Gut Health and Your Skin: What's the Connection?

Gut Health and Your Skin: What's the Connection?

Posted by Sandra Scott on

A healthy gut plays a role in everything from brain health to hormone regulation, inflammation control and disease prevention.

And not surprisingly, what happens in your gut directly affects your skin too.

 

Gut health and your skin: what's the connection?

 

Studies show that a thriving and healthy gut microbiome equals a healthy immune system – and a healthy, glowing complexion.

When it comes to skin health more and more studies are linking good skin to a healthy gut microbiome.

 

What is Your Gut Microbiome? 

Your gut microbiome is the eco-system of microorganisms – bacteria, fungi and virus - that live within your body.
It’s found mostly in your gut – your small and large intestine – but also throughout your body.

 

Be healthy, look good, age well 

A healthy microbiome means your skin can function at its best - keeping moisture in and bacteria out, producing collagen at optimal rates, and healing quickly from any breakouts or acne.

Scientists have found links between gut health and skin issues such as eczema, rosacea and acne.

The latest studies show that a healthy gut can have an anti-aging effect on your skin – increasing skin hydration, improving elasticity and reducing facial wrinkles.
 

Why is a Healthy Gut So Important?

The gut is where we make nutrients and detoxifying enzymes - and metabolize hormones.

Studies show that not only is a healthy gut the gateway to good health, it also keeps your complexion looking healthy.

Our gut microbiome maintains a state of calm and stability throughout the body - whatever may be happening externally.

It has this effect on our entire body, but especially our skin.

And it’s when the microbiome becomes unbalanced that we can start to have skin problems.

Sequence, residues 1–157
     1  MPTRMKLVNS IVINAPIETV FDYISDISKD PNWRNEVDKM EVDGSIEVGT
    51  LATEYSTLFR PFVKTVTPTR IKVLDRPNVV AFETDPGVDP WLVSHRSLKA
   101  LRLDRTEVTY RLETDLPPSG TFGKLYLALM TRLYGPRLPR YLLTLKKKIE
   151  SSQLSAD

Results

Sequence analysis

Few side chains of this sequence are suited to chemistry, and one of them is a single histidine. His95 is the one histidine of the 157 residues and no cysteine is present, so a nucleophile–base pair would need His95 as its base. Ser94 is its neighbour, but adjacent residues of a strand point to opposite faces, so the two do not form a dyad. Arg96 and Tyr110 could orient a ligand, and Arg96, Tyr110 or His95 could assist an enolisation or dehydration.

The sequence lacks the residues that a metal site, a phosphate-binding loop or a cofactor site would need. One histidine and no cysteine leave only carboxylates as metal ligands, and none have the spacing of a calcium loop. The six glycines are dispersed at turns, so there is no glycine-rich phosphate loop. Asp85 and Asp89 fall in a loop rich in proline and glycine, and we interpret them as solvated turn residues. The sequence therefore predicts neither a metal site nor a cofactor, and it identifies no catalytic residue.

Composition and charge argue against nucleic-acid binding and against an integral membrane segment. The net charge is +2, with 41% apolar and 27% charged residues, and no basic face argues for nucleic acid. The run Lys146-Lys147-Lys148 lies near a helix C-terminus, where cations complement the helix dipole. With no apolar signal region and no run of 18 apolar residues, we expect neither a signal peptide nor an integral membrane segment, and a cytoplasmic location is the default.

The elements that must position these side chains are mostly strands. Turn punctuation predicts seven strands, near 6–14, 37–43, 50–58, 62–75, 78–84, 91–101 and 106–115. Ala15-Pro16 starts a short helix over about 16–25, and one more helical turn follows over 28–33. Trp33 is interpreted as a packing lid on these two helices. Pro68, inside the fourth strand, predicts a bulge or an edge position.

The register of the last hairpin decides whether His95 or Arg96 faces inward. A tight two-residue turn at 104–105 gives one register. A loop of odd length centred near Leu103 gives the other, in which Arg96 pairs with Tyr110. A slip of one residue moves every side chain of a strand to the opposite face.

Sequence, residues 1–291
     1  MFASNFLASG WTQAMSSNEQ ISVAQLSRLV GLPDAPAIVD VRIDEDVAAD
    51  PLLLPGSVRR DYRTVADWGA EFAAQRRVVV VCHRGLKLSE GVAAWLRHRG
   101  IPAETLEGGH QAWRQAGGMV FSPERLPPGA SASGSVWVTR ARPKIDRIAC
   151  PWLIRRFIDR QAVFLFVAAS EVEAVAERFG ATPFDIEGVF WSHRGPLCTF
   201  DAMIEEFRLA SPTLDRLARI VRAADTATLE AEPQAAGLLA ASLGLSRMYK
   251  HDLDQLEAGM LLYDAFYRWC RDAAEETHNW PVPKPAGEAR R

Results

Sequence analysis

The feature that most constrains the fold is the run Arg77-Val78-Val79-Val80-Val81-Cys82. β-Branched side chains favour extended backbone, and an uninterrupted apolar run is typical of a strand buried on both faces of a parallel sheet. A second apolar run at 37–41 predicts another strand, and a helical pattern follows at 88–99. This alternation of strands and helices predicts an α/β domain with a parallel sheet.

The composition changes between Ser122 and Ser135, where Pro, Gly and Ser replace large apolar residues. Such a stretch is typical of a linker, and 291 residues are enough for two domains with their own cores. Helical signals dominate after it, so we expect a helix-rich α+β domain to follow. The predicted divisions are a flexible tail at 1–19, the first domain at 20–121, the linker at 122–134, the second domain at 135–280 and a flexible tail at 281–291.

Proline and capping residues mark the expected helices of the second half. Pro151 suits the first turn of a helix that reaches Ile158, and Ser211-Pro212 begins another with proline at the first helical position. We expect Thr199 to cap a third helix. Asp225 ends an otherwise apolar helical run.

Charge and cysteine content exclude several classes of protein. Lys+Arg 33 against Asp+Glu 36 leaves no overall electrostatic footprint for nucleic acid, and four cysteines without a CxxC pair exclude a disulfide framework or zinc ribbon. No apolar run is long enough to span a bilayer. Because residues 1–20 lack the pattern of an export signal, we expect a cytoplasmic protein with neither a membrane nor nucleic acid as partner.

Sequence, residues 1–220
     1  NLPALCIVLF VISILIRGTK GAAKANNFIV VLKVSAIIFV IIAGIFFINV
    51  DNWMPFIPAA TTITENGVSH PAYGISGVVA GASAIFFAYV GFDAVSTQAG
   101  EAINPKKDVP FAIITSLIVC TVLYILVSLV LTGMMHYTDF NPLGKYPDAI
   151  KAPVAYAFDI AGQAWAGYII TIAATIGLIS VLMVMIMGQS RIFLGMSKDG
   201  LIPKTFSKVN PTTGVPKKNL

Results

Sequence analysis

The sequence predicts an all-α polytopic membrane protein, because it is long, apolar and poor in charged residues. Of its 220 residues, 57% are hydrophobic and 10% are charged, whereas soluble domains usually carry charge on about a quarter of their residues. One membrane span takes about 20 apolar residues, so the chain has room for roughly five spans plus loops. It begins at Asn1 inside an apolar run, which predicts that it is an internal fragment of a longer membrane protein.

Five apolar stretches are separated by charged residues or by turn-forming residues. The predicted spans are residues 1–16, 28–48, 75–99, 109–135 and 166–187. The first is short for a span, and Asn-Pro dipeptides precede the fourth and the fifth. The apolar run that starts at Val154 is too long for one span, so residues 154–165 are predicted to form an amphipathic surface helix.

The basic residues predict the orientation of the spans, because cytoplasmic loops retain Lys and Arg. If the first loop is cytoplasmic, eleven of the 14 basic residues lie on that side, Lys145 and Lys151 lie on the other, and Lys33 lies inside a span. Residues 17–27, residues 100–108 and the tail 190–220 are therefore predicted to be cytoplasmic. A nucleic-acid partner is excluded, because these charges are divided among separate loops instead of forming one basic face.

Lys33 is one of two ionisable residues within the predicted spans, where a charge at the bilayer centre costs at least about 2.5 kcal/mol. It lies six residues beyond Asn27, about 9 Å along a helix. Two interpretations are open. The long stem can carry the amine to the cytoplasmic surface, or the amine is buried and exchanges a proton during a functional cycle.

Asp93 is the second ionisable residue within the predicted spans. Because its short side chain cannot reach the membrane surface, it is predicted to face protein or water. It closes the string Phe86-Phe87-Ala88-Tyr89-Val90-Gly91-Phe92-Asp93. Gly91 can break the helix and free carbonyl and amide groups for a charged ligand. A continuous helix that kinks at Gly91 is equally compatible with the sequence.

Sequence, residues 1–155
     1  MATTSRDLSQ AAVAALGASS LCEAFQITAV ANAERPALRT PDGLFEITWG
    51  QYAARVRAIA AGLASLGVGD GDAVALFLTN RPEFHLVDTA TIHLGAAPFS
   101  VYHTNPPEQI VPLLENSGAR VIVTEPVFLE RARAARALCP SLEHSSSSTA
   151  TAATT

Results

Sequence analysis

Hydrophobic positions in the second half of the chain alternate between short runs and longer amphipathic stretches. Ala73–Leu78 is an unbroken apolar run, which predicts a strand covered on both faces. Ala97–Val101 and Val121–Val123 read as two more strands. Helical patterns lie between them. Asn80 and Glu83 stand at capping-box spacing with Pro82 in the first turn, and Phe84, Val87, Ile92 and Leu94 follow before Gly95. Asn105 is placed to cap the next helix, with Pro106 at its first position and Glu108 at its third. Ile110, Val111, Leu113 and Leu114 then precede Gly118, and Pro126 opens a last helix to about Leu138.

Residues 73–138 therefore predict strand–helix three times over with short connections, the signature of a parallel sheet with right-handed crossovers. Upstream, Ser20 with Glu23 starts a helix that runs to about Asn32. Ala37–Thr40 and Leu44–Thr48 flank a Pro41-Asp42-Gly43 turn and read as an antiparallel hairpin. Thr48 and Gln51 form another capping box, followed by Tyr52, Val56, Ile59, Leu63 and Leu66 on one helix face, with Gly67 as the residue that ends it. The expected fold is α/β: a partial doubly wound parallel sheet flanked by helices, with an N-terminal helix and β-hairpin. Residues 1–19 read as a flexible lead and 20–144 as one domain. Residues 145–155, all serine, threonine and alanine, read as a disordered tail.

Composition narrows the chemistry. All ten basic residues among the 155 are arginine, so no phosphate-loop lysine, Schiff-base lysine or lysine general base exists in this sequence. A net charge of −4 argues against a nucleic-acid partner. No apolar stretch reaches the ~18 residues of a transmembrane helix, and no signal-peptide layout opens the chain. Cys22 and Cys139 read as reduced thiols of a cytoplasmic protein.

If we have an unhealthy gut – with things like inflammation and digestive problems - our skin is usually the first place that we notice it.

Problems with gut health can be incredibly varied, but the skin is an excellent guide to what’s going on inside your gut.

So its important to get your gut in good shape in order to feel well and experience healthy, glowing skin.

 

What is the Gut-Skin Axis?

The gut and skin have a constant communication between each other.

This relationship is called the “gut-skin axis”. And represents the fact that numerous studies have linked gut microbiome health to the health of your skin.

One of the prime examples of the constant dialogue is how the gut bacteria communicates with the skin via the immune system to regulate inflammation.

And so close is the connection between our gut and skin microbiomes that skin can essentially show how healthy we are on the inside.

 

Gut health and Skin Issues 

A compromised microbiome is increasingly associated with so many major skin problems – like skin sensitivity, dryness, breakouts, acne and premature skin aging.

Our skin is our body's largest organ, and scientists believe that almost all skin conditions are linked to gut health.